- The Washington Times - Saturday, January 20, 2007

California lawmaker seeks spanking ban

SACRAMENTO, Calif. — California parents could face jail and a fine for spanking their young children under legislation a state lawmaker has promised to introduce this week. Democratic Assemblywoman Sally Lieber said such a law is needed because spanking victimizes helpless children and breeds violence in society.

Mrs. Lieber said her proposal would make spanking, hitting and slapping a child younger than 4 years old a misdemeanor. Adults could face up to a year in jail and a $1,000 fine.

Some Republican lawmakers called the idea ridiculous, but Gov. Arnold Schwarzenegger said he may be receptive to it although he has concerns about how the ban would be enforced.

Demolition crew blows up coliseum

NEW HAVEN, Conn. — Crews set off a thunderous explosion yesterday to demolish Veterans Memorial Coliseum, a 35-year-old arena that held sporting events and concerts by Elvis Presley and Frank Sinatra.

Crowds filled a nearby 10-level parking garage to watch the demolition, which makes way for a downtown redevelopment project.

Much of the building already had been dismantled before two children, who had won a lottery, pushed a ceremonial plunger to set off about 2,000 pounds of explosives.

The $230 million development project will include stores and up to 280 housing units. A community college and a theater will move to the site and an adjacent property.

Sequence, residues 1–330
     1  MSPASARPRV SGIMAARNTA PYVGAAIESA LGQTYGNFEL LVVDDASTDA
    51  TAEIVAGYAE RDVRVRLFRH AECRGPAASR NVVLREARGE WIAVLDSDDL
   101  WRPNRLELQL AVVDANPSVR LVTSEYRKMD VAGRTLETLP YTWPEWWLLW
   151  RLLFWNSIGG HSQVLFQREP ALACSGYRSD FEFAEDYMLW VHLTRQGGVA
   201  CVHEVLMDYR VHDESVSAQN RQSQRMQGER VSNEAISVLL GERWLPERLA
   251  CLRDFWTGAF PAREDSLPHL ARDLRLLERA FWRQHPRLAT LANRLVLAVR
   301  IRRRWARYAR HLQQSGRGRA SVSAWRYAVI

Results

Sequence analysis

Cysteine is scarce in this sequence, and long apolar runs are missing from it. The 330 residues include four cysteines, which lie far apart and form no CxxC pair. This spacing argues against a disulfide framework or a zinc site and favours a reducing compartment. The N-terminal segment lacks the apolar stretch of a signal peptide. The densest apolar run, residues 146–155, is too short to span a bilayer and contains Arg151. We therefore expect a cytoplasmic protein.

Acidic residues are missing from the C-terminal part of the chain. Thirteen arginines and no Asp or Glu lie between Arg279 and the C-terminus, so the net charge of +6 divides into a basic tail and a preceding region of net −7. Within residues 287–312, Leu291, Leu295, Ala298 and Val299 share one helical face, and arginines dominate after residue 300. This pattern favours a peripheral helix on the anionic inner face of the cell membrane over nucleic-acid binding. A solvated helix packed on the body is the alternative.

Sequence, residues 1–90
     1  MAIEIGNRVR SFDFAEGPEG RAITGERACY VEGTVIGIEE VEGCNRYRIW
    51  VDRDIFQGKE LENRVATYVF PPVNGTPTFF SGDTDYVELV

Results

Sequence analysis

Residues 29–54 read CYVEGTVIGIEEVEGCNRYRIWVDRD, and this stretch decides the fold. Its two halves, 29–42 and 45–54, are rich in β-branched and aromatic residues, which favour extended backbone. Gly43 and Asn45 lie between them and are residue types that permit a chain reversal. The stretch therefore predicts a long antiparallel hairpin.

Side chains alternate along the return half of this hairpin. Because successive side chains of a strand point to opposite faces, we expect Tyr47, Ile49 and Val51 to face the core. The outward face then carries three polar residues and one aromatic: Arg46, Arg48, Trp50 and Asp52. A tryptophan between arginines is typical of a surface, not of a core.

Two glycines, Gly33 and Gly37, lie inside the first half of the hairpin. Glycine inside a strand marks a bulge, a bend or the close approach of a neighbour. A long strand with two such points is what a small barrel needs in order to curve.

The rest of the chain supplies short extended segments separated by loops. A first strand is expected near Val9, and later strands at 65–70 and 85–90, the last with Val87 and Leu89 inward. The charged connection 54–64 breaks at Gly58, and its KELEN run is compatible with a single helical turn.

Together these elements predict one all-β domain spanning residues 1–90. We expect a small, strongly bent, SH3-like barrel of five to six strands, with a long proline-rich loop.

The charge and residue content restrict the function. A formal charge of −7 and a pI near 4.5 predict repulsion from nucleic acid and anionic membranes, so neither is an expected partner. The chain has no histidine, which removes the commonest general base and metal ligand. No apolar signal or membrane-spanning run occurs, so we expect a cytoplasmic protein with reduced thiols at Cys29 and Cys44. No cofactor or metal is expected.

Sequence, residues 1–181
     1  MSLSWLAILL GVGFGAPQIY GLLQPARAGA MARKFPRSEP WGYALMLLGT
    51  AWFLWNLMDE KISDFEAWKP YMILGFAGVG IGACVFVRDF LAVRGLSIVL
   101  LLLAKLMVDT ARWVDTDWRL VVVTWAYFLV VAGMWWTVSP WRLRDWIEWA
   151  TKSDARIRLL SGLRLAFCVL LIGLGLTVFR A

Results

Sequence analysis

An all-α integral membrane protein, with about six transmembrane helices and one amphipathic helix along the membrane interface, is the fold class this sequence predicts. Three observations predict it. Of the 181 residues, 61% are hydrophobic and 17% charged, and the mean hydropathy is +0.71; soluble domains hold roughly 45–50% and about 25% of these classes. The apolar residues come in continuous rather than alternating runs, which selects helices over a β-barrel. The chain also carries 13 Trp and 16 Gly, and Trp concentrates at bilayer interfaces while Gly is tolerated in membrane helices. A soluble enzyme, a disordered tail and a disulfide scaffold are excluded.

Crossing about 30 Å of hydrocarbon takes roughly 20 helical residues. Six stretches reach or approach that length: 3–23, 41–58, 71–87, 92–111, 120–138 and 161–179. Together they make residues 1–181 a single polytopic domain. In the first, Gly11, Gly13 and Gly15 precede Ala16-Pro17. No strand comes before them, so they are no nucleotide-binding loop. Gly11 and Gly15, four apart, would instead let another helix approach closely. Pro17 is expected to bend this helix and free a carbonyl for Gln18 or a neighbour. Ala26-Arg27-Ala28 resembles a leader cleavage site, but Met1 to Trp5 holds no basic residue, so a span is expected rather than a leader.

Judge denies jobless benefits

DES MOINES, Iowa — An administrative judge has denied unemployment benefits to a woman who was fired from her job for keeping a journal detailing her efforts to avoid work.

Emmalee Bauer, 25, of Elkhart, was employed by the Sheraton hotel company as a sales coordinator in Des Moines. While on the job, she kept a handwritten journal. A supervisor told her to stop writing on company time, but instead, Miss Bauer wrote her journal, all 300 single-spaced pages, on her work computer.

In the journal, portions of which were introduced during a recent hearing regarding the request for unemployment, Miss Bauer describes her efforts to avoid work.

“This typing thing seems to be doing the trick,” she wrote. “It just looks like I am hard at work on something very important.”

Miss Bauer was fired for misuse of company time after a supervisor discovered the journal late last year.

Accused killer seeks trial delay

INVERNESS, Fla. — Lawyers for a man accused of burying alive a 9-year-old girl after kidnapping and raping her have asked a judge to delay the murder trial while they interview new prosecutors’ witnesses.

John Couey’s lawyers say the Feb. 12 trial date should be pushed back so they can question the seven witnesses added to prosecutors’ list earlier this month, including a jailer who says the suspect gave him details of the slaying. It was not known when Circuit Judge Ric Howard might rule on the request.

Prosecutors are seeking the death penalty for the March 2005 slaying of Jessica Lunsford, whose body was found when Mr. Couey told authorities where to look near her Homosassa home in central Florida. Mr. Couey has pleaded not guilty to the charges of first-degree murder, sexual battery on a child, kidnapping and battery.

From staff reports and wire dispatches

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